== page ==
Key U.N. Powers Agree on N. Korea Statement
Sunday, April 12, 2009
UNITED NATIONS, April 11 -- The U.N. Security Council's five permanent powers and Japan reached agreement Saturday on a statement condemning North Korea's April 5 rocket launch over Japan. The text would revive a 2 1/2 -year-old threat of financial and travel sanctions against individuals and entities linked to Pyongyang's missile program.
The pact set the stage for a likely agreement as early as Monday by the 15-nation council on a statement that would also demand that North Korea not conduct any additional missile tests. It ended a diplomatic standoff between the United States and China, which blocked an American-backed effort to rally international criticism of North Korea, formally known as the Democratic People's Republic of Korea.
Saturday's accord came less than a week after President Obama called on the Security Council to punish North Korea for launching the rocket in violation of U.N. resolutions banning Pyongyang's use of ballistic missile technology.
It came less than 48 hours after U.S. and Chinese diplomats brokered a compromise text that registered displeasure over North Korea's launch while encouraging it to agree to the early resumption of six-nation talks aimed at "achieving the verifiable denuclearization" of the Korean Peninsula. Those talks broke down in December over a dispute between the United States and North Korea over an American plan to verify the dismantlement of Pyongyang's nuclear program.
"We think this is very strong and sends a clear message to the DPRK that their violation of international law will not be treated with impunity and will indeed have consequences," U.S. Ambassador Susan E. Rice told reporters after the big powers briefed the full council on the draft. It "clearly and unequivocally condemns the launch of April 5, it makes it plain that this launch contravenes" U.N. resolutions.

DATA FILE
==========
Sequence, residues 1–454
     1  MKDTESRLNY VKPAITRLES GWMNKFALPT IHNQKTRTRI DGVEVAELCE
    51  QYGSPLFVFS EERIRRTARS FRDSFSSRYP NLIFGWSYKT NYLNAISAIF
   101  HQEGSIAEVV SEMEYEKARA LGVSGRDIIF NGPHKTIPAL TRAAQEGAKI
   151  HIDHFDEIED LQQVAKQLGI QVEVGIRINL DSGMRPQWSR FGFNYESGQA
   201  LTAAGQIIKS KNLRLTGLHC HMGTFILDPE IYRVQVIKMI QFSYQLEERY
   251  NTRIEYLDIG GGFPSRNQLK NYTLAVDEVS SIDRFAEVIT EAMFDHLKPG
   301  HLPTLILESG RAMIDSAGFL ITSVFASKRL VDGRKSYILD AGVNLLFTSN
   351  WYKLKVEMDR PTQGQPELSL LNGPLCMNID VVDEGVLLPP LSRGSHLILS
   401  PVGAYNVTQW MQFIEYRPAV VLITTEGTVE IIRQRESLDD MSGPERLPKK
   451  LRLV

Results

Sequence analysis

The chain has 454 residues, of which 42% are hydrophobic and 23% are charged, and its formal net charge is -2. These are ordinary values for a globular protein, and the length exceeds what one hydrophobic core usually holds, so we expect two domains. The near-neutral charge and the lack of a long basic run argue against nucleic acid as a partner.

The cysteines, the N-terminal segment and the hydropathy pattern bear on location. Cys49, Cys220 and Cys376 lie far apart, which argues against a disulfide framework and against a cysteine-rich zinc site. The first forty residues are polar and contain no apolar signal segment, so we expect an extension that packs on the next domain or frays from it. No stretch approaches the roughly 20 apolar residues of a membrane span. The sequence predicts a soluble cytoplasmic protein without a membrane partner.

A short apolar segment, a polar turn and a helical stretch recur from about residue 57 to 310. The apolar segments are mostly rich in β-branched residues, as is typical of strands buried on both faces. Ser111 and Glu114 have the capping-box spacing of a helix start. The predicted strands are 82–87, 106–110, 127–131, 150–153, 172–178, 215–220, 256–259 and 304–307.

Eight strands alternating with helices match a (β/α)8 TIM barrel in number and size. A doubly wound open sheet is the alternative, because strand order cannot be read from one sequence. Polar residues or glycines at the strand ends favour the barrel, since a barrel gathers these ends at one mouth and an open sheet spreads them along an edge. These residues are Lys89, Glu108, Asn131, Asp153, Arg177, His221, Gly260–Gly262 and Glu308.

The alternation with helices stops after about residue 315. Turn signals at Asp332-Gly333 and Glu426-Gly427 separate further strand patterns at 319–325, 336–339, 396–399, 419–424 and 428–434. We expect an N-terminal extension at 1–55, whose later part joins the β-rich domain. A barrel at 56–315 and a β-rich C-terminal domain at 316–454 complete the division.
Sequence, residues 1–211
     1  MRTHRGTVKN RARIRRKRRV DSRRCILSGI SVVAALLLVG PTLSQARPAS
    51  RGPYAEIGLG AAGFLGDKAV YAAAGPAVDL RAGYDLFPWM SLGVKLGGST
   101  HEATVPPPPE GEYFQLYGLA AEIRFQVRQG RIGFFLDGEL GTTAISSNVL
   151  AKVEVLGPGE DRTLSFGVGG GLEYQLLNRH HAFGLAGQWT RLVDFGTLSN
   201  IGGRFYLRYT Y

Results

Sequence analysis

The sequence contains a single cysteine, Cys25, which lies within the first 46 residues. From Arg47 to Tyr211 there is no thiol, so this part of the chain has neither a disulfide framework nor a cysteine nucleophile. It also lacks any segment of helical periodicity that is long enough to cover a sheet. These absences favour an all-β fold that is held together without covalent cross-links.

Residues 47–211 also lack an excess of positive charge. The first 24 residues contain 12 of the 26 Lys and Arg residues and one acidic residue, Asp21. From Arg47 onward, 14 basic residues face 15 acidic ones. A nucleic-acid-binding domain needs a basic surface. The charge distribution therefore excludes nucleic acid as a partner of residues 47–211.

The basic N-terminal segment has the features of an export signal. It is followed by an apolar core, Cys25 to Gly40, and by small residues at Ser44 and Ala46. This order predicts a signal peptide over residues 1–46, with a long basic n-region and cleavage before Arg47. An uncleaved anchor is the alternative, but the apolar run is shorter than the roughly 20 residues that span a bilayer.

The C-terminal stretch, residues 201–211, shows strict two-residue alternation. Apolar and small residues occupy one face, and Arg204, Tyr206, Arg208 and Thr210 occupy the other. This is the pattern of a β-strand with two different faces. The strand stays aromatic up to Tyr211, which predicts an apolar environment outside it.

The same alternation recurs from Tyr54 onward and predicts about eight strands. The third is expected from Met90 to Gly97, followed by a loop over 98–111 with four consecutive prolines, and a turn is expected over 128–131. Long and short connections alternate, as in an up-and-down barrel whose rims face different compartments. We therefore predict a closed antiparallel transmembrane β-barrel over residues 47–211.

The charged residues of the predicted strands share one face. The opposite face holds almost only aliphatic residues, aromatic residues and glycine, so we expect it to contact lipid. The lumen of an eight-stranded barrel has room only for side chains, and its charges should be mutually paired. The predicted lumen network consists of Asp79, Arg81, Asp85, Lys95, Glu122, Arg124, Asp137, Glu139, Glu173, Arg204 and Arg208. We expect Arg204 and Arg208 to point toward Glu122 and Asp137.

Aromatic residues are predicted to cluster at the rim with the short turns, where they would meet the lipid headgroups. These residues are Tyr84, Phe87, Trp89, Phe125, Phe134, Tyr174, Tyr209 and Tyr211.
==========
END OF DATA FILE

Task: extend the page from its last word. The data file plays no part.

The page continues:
The Security Council imposed sanctions on North Korea in October 2006, shortly after Pyongyang tested a nuclear device. The sanctions included a prohibition on additional nuclear tests and ballistic missile launches and a ban on trade in conventional military equipment, including battle tanks, combat aircraft and warships. It also set up a sanctions panel to manage a list of individuals and companies that would be subject to a travel ban and a freeze on their financial assets.
The council has never submitted a list of North Korean individuals or companies that would be subject to the measures. The panel suspended its activities in summer 2007 after North Korea struck an agreement with the United States and other key powers to dismantle its Yongbyon nuclear reactor.
Saturday's draft calls for reactivating the U.N. sanctions committee to produce by April 24 a new list of individuals and companies subject to sanctions. If the committee -- which includes all 15 council members and makes decisions by consensus -- cannot agree on a list, the matter will be taken up in a formal session of the Security Council on April 30. The council can pass a measure with nine votes, as long as none of the permanent five members casts a veto. The statement also urges member states to enforce sanctions against Pyongyang.
The agreement required concessions by both sides. China and Russia initially defended North Korea's claim that it had the right to launch a satellite into orbit. But by supporting the compromise, they accepted the U.S. argument that Pyongyang's launch violated the terms of the 2006 U.N. Resolution 1718, which bans all nuclear and ballistic missile technology.
But the United States and Japan were unable to secure support for the adoption of a more forceful Security Council resolution, which is legally binding. Instead, the council's big powers approved a weaker presidential statement, which traditionally carries less legal force than a resolution.
Rice said that the statement would be "legally binding" on North Korea and that the new list of sanctions -- which would include an expanded ban on more goods -- would be "reinforcing and substantially strengthening" the sanctions.
Japan, whose territory lies in the missile's flight path, backed down after Prime Minister Taro Aso met Chinese Premier Wen Jiabao on the sidelines of an Asian summit in Pattaya, Thailand. Aso pressed the Chinese leader to accept tougher measures against North Korea, according to diplomats.
Japan's U.N. ambassador, Yukio Takasu, said his government would have preferred a resolution. "We feel most threatened by this act," he said, adding that his government had yielded to maintain council unity.